Britain has officially recognised Libya's main opposition group as the country's legitimate government, and asked all diplomats belonging to Muammar Gaddafi's government to leave the United Kingdom.
William Hague, the UK foreign secretary, said on Wednesday that Britain was unfreezing 91m pounds ($150m) of Libyan oil assets to help the National Transitional Council, which the country now recognises as "the sole governmental authority in Libya".
"We will deal with the National Transitional Council on the same basis as other governments around the world," Hague said.
"In line with this decision, we summoned the Libyan charge d'affaires here to the foreign office this morning and informed him that he and other regime diplomats from the Gaddafi regime must now leave the United Kingdom.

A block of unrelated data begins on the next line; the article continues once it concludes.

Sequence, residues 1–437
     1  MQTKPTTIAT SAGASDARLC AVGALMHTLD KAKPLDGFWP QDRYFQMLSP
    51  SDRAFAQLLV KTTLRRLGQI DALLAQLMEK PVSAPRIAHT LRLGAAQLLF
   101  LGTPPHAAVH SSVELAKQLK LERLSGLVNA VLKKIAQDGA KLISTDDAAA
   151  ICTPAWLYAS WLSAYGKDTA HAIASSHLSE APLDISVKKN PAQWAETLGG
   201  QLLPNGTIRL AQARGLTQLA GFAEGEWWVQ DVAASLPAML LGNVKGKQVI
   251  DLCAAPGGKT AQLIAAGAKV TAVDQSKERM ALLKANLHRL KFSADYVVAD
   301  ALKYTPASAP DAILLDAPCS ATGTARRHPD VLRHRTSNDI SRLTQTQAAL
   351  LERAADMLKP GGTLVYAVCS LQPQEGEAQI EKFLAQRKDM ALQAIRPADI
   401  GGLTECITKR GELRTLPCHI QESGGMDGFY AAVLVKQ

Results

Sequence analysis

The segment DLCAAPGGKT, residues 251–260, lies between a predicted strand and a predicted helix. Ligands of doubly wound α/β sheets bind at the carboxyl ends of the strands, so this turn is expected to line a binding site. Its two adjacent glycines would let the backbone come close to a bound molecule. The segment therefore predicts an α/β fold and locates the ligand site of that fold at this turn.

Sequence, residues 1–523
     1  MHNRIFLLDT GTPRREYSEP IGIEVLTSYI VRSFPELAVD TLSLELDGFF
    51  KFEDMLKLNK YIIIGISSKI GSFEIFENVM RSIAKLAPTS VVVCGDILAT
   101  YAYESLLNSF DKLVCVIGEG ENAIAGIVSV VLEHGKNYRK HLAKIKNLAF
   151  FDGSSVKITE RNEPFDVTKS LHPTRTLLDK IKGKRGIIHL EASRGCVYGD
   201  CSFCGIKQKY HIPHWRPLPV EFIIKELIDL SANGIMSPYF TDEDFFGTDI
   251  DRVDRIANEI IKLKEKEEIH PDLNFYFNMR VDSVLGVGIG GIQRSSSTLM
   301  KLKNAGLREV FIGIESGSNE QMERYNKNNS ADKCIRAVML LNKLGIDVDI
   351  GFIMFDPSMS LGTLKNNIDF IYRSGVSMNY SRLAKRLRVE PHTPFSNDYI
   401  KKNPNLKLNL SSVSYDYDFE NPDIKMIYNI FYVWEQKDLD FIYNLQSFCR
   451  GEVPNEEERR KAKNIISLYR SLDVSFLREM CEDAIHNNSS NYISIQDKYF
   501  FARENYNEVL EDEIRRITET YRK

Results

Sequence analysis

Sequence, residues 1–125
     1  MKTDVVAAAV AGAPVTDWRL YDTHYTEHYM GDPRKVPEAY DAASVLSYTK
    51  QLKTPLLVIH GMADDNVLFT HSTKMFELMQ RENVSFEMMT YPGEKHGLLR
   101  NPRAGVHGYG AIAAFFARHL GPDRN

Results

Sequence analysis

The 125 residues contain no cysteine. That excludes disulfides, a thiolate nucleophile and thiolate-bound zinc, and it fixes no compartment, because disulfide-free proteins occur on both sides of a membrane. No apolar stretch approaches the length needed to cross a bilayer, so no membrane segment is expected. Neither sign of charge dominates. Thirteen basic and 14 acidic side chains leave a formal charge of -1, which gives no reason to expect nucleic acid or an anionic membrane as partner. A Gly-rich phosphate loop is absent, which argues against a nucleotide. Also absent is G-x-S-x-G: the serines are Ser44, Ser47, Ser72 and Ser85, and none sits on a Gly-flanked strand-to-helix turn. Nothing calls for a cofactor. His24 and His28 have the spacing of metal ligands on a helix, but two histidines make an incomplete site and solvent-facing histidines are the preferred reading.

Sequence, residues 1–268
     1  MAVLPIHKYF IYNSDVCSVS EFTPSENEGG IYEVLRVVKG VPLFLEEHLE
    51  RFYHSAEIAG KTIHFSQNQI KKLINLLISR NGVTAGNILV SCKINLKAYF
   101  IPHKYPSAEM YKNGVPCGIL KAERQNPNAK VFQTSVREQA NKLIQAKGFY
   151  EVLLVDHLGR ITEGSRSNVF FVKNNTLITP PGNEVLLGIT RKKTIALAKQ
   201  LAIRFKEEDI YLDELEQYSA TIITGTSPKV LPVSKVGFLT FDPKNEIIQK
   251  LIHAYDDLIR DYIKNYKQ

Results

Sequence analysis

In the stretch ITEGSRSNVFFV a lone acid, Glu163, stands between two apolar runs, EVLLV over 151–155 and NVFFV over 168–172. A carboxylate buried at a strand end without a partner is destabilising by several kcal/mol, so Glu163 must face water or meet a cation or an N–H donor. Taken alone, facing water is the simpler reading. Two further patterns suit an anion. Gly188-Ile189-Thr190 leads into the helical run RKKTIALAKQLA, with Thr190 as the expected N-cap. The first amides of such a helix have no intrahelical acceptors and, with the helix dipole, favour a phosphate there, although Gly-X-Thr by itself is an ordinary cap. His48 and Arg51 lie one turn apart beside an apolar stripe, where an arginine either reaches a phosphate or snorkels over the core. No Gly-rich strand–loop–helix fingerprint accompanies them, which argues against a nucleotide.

"We no longer recognise them as the representatives of the Libyan government and we are inviting the Libyan National Transitional Council to appoint a new Libyan diplomatic envoy to take over the Libyan embassy in London."
Khaled Kaim, the Libyan deputy foreign minister, told a news conference in Tripoli that Britain's recognition of the NTC was "irresponsible [and] illegal".
"We consider this is irresponsible, illegal and in violation of British and international laws," he said.
In an audio message to loyalists on Wednesday, Gaddafi said that he and his people were "ready to sacrifice" in order to defeat NATO and the rebels.